Historic Anomaly: Benjamin Banneker 1731 – 1806
by ©2022 Sarah Becker
Baltimore, 1791: “The Editors of the Pennsylvania, Delaware, Maryland and Virginia ALMANACK, feel themselves gratified in the Opportunity of presenting to the Public, through the Medium of their Press, what must be considered an extraordinary Effort of Genius—a complete and accurate EPHEMERIS for the Year 1792, calculated by a sable Descendant of Africa, who, by the Specimen of Ingenuity, evinces, to Demonstration, that mental Powers and Endowments, are not the exclusive Excellence of white People, but that rays of Science may alike illumine the Minds of Men of every Clime, (however they may differ in the Colour of their Skin).” Benjamin Banneker, America’s first Black man of Science compiled The ALMANACK in the 1790s.
Banneker was born in Baltimore County, Maryland—a slave state—on November 9, 1731: of a free mother and formerly enslaved father. He grew up free on the family’s multi-acre tobacco farm and briefly attended a Quaker school. “Benjamin Banneker’s place, as a self-educated master of mathematics and astronomy, makes him an ideal subject for African-American history,” Maryland’s Benjamin Banneker Historical Park & Museum said.
“Benjamin Banneker, a free Negro, has calculated an Almanack, to the ensuing year, 1792, which being desirous to dispose of to the best advantage, he has requested me to aid his application to you,” Baltimore’s James McHenry wrote Editors Goddard and Angell on August 26, 1791. “Having fully satisfied myself…I may venture to assure you it will do you credit as Editors. McHenry, a military surgeon, was white; a Founding Father and signer of the 1787 Constitution between the States.
“He is about fifty-nine years of age,” McHenry continued. “His father and mother having obtained their freedom, were enabled to send him to an obscure school, where he learned, when a boy reading, writing; and to leave him in their deaths, a few acres of land, upon which he has supported himself ever since…Mental exercise formed his chief amusement, and soon gave him a facility in calculation that was often serviceable to his neighbors [including] Messrs. Ellicotts, a [Quaker] family remarkable for their ingenuity.”
“George Ellicott lent him Mayer’s Tables, Ferguson’s Astronomy, Leadbeater’s Lunar-Tables, and some astronomic instruments [to] further his studies,” McHenry explained. Banneker forecast his first eclipse in 1789.
“I consider this Negro as a fresh proof that the powers of the mind are disconnected with the colour of the skin, or, in other words, a striking contradiction to Mr. [David] Hume’s doctrine,” McHenry concluded.
On June 16, 1790, Congress passed the Residence Act, An Act for Establishing the Temporary and Permanent Seat of the Government of the United States (1 Stat. 130 ). The Act provided for a national capital to be established at a site along the Potomac River. President George Washington appointed three commissioners to oversee the project one of who was Andrew Ellicott, George Ellicott’s brother. A practical engineer, Andrew invited Banneker to join his team.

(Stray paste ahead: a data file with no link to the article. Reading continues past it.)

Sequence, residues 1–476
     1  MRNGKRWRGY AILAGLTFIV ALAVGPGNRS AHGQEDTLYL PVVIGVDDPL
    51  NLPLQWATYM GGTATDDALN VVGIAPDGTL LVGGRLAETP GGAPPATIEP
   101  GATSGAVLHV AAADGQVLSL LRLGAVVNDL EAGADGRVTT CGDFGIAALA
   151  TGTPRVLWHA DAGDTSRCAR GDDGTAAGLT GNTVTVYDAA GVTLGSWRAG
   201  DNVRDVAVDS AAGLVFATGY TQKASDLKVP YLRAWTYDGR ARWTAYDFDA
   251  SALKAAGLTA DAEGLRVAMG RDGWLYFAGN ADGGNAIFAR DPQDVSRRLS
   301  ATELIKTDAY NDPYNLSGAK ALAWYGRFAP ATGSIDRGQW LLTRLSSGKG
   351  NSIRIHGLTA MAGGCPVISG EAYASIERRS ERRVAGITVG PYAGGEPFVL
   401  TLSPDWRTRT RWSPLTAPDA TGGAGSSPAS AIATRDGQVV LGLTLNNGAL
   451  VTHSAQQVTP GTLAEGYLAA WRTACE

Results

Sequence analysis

In February, 1791, Ellicott, Banneker and others left for Virginia—Alexandria’s Jones Point—to mark the forthcoming federal city’s boundary lines. “Because of his age, health, and the harsh winter climate Banneker’s primary responsibilities were in the observatory tent, where he maintained the regulator clock using a series of thermometers and a transit and altitude instrument,” Louis Keene wrote. “Each day, Ellicott would use the regulator clock to set his own time piece, which he would use to determine latitude. At night, Banneker would record astronomical observations.”
The National Park Service’s Jones Point Park is located in Alexandria, along the Potomac, and features not only a District boundary marker, but also one of the country’s last riverine lighthouses: the only one still standing in the Chesapeake Bay area.
“At Jones Point Park, I seek out/ the Boundary Stone in its niche/ in the retaining wall,” Baltimore poet Kim Roberts penned. “When the Potomac River recedes/ enough to detect the eroding words,/ rimmed in green algae, I picture/ Banneker camping here that cold/ damp Spring of 1791./ He is 60 years old…This is base camp/ for calculating the ten-mile square/ of Washington, D.C.”
The 1791 Georgetown Weekly Ledger praised Banneker’s work: “[Andrew Ellicott] is attended by Benjamin Banniker [sic], an Ethiopian, whose abilities, as a surveyor, and an astronomer, clearly prove that Mr. Jefferson’s concluding that race of men were void of mental endowments, was without foundation.”
On August 19, 1791, Banneker mailed an advance copy of his Almanack to Secretary of State Thomas Jefferson. Why, because he was frustrated. It was not the color of his skin that mattered, only his work.
“Sir, Suffer me to recall to your mind that time in which the Arms and tyranny of the British Crown were exerted with every powerful effort in order to reduce you to a State of Servitude,” Banneker wrote. “Look back, I entreat you on the variety of dangers to which you were exposed, reflect on that time in which every human aid appeared unavailable, and…you…cannot but acknowledge, that the present freedom and tranquility which you enjoy…is the peculiar blessing of Heaven.”